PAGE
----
AccessMyLibrary provides FREE access to millions of articles from top publications available through your library.
Delay marked the Stylus Pro's launch and continues to mark it's delivery. Simon Eccles finds out if the wait is worth it.
Buyer anticipation may be a good marketing tool. When Epson first announced its attractively priced and specified Stylus Pro 4000 A2+ format ink-jet with Ultrachrome pigment inks back in October, it was due to ship by the end of 2003.
The date soon slipped to March, then April. Now there's a handful of 4000s with the dealers and doing the rounds of exhibitions, but if you order one today it is likely to be June before your name comes to the top of the waiting list.
There are three configurations. The 4000-C8 is a basic eight-colour printer with Mac OS and Windows drivers. The 4000-PS supplies an Adobe PostScript 3 software RIP (for Mac or Windows); 4000-C4 is largely aimed at the CAD market and takes two sets of CMYK inks for faster printing. Officially Epson quotes 13.3 sq m per hour output for the eight-colour models and 20.9 sq m for the twin-CMYK, but this is in the draft mode that's little use for proofing.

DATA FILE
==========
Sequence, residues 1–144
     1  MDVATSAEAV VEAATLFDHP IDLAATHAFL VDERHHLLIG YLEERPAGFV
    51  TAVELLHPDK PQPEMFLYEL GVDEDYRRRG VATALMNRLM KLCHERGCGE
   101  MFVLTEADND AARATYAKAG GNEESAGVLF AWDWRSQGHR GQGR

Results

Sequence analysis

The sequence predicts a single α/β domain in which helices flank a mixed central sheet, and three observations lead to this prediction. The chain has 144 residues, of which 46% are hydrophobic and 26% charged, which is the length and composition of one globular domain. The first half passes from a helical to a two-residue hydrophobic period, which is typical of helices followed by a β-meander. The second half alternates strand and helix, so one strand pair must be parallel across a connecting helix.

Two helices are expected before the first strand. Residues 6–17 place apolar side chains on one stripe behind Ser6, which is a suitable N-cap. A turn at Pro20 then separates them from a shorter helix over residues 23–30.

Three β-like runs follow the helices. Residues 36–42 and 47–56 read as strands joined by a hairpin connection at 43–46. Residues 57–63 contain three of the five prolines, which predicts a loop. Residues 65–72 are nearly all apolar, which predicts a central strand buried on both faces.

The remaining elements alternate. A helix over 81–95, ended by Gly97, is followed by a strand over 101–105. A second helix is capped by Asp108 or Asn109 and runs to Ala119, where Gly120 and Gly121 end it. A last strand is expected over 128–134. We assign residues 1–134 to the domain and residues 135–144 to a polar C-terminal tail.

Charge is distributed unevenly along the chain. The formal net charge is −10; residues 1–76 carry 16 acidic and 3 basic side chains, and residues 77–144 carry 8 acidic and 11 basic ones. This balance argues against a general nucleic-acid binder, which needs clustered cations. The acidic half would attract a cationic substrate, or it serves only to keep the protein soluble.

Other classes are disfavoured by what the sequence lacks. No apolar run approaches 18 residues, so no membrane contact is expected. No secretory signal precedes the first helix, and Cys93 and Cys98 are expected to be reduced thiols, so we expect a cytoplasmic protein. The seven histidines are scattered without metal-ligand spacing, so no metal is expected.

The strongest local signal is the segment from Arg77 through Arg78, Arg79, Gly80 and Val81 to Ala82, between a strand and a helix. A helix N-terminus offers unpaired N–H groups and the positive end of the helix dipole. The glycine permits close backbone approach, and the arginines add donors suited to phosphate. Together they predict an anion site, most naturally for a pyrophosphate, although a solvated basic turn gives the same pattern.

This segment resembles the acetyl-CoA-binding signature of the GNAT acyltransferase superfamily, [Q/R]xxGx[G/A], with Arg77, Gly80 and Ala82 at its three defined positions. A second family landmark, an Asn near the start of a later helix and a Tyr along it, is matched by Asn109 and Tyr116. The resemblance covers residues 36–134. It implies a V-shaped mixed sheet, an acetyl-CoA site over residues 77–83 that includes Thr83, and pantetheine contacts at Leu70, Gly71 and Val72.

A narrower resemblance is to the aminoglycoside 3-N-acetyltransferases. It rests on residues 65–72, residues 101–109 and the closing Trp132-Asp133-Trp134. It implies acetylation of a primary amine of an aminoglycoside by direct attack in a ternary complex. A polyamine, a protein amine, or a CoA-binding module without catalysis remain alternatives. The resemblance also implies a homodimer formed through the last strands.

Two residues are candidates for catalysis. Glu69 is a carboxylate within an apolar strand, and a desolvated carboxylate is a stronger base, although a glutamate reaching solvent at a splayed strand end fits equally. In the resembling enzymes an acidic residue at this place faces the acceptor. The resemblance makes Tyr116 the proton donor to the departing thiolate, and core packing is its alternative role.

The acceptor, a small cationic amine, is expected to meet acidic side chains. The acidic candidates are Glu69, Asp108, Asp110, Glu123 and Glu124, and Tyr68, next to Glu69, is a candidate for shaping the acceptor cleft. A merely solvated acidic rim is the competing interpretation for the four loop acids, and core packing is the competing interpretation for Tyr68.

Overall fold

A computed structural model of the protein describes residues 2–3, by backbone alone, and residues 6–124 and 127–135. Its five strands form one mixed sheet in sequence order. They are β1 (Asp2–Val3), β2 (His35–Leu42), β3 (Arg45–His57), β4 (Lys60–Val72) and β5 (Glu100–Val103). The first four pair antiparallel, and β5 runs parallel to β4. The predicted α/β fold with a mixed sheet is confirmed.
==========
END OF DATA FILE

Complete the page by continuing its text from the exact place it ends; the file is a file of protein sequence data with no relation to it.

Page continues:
Stylus Pro 4000 is an attractive proposition for printers and repro houses. It's reasonably compact, if not exactly 'desktop' with a footprint of 848x1,105mm with the paper tray fully expanded. Most of the proofing RIP and ROOM software makers already drive the A1+ format Stylus Pro 7600 so it's easy for them to drive the 4000.
The new printer is also practical …